Schooldays can be Netdays
`I didn't learn anything useful at school," is the common complaint of many adults but that may soon be a thing of the past. Today's pupils won't be able to moan that the school has nothing to do with real life because, via the Internet, the world has arrived in many classrooms. To the envy of their parents, many children are not just able to use a computer as a glorified typewriter, but are also learning to program, design Web pages, and experience live video conferencing.
To raise awareness of the exciting challenges ahead for all centres of learning, this week has been designated Netd@ys Europe '98. Projects to create cultural links between school students all over the EU and the world will take place, while Ireland is celebrating 95 per cent of the country's schools becoming Internet-ready. Primary schools lead the way in Netd@ys and other Web activity, because they are less syllabus-dominated and many have had PCs for longer than second-level schools.
It's not often you hear it said, but Ballymun is the envy of all other areas - in terms of the provision of computers in school, that is. While every school in the country has at least one PC, the 11 Ballymun schools each have a fully-equipped state-of-the-art computer laboratory. "All children in every school have access to computers," says Tom Leonard of Ballymun Partnership, the organisation which provided the impetus behind this Computers in Schools project.
Online video conferencing has already connected the children of the towers with US children in San Jose. "When the children go online, they exchange cultural information," says Leonard. But it's more than using technology to chat: "the aim is to give the children of Ballymun a headstart so they are IT-skilled - and to create opportunities. In the future, whatever employment they take up, they will need IT skills." A teacher in Ballymun's Holy Spirit Girls Comprehensive, John White, believes that IT is the major issue facing young people in the area and having computer skills "doesn't make them feel so much the underdog."
The key to computers in schools is the training of the teachers so that they feel confident with the technology and are then to be able to integrate IT into their lessons. "There is huge interest from teachers in terms of looking for training," says John Hurley of the National Centre for Technology in Education (NCTE). "The teachers' subject associations are very enthusiastic about the new developments." 8000 teachers have received training so far - although only one quarter of these are post-primary teachers. "Schools don't use PCs enough," says Gerry Reilly of St McCartan's College, Monaghan. "Teacher training is way behind because the Government isn't moving quickly enough, isn't investing enough in training. I'd like to see IT integrated into the curriculum, whether it's history, geography or religion, and the PC labs used for general classes."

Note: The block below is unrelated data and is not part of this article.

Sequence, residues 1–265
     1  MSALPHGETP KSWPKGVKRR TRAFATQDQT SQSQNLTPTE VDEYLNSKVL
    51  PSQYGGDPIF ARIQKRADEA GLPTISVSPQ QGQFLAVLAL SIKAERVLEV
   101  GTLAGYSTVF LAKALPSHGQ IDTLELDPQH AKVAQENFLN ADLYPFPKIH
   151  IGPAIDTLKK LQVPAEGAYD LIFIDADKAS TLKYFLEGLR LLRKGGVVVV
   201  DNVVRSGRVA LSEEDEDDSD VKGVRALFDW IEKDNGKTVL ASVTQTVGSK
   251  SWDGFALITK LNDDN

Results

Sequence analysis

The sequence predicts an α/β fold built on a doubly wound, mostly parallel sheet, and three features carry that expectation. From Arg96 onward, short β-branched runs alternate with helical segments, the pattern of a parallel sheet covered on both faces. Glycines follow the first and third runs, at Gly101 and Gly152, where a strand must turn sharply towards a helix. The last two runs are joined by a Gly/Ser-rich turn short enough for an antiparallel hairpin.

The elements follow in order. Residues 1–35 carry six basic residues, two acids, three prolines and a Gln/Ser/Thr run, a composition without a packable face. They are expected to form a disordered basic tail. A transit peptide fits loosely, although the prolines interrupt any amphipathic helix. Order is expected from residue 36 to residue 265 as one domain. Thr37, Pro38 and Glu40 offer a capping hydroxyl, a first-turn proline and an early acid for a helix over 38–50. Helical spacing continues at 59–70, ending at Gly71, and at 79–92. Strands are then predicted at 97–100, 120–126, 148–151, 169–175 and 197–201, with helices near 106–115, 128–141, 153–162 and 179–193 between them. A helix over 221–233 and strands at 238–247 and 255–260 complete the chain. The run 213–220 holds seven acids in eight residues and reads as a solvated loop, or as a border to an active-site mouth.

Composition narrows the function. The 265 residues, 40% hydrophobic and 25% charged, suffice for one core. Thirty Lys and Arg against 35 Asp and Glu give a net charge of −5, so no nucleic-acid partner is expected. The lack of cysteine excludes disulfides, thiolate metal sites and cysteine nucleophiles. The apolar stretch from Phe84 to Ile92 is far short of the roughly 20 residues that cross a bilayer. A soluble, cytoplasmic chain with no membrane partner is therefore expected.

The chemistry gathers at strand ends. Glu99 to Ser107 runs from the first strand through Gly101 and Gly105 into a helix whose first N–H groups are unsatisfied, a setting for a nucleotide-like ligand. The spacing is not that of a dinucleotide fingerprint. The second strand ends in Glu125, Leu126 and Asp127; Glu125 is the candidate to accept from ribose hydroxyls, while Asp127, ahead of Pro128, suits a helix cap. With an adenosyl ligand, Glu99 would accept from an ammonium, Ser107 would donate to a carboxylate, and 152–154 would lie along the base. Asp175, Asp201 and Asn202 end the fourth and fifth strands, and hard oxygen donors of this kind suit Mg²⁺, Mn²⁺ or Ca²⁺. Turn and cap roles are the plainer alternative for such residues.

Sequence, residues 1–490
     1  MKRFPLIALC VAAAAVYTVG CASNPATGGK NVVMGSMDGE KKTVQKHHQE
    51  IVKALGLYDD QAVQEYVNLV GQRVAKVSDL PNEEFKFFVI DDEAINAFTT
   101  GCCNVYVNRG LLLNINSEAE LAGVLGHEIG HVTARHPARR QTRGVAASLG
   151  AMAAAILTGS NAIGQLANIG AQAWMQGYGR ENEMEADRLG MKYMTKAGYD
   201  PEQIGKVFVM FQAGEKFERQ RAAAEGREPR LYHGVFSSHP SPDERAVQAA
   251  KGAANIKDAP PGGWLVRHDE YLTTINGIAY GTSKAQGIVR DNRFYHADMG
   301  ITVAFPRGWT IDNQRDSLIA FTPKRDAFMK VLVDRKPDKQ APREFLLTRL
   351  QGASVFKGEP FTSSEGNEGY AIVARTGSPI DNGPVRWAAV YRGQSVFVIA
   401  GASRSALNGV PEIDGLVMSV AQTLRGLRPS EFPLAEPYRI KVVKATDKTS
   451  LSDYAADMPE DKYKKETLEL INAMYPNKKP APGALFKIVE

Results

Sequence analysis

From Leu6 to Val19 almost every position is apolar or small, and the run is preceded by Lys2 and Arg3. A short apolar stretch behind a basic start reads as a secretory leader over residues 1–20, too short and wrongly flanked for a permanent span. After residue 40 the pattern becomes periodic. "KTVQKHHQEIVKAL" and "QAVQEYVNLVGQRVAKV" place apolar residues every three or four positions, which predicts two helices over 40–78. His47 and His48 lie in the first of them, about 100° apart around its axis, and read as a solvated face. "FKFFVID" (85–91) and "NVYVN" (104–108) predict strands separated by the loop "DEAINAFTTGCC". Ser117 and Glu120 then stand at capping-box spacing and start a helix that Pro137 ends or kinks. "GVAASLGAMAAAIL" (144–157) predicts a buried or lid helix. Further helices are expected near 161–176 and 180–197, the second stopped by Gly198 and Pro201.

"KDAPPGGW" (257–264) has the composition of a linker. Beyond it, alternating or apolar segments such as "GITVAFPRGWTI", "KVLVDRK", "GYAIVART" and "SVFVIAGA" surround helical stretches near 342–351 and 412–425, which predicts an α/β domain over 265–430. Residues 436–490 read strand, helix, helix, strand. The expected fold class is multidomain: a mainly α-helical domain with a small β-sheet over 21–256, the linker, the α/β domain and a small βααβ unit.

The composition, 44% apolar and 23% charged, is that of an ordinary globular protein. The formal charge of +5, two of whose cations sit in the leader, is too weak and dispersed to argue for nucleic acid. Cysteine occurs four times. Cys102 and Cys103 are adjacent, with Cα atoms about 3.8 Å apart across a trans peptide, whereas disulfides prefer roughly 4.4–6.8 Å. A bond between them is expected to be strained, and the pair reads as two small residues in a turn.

The syllabus and teachers' unfamiliarity with both hardware and software can cause problems. "Second level schools have not got the same freedom within the curriculum to use ICT (Information and Communications Technology) as primary schools have and this means that teachers find it difficult to integrate the use of the Internet in the classroom," says Michael Farry of St Michael's BNS in Trim, Co Meath.
The Information Age town of Ennis is the vanguard of today's techno-revolution. The teachers are trained and have enthusiastically formed subject-based software evaluation groups - while the young people are raring to go. Students want to set up electronic newspapers, says spokesperson Triona McInherney, and there has been enormous interest from abroad. "Links abroad have to be more than just keypals," she warns, "They must be meaningful and project-based with a learning aspect attached."
Teacher John Hartery, IT enthusiast at CBS, Tramore, Co Waterford, believes IT has to be integrated into the curriculum and used in all classes. "It shouldn't be the luck of the draw which teacher you get which decides whether or not you use IT. Every teacher should have the skills to integrate and you may as well do it today because tomorrow will be too late." It is the possibilities of the Internet which teenagers find exciting. When the boys learned programming off-line, it didn't catch their imagination, explains Hartery, but with close links with a school in Newfoundland, Canada, culminating in last Wednesday's collaborative live webcast with the President, Mrs MacAleese, in Canada, the classroom walls seem less confining. Farry agrees that it is the contact with the real world which motivates children: "School websites display pupils' work to a worldwide audience, therefore giving a real audience for work which otherwise might be a meaningless exercise."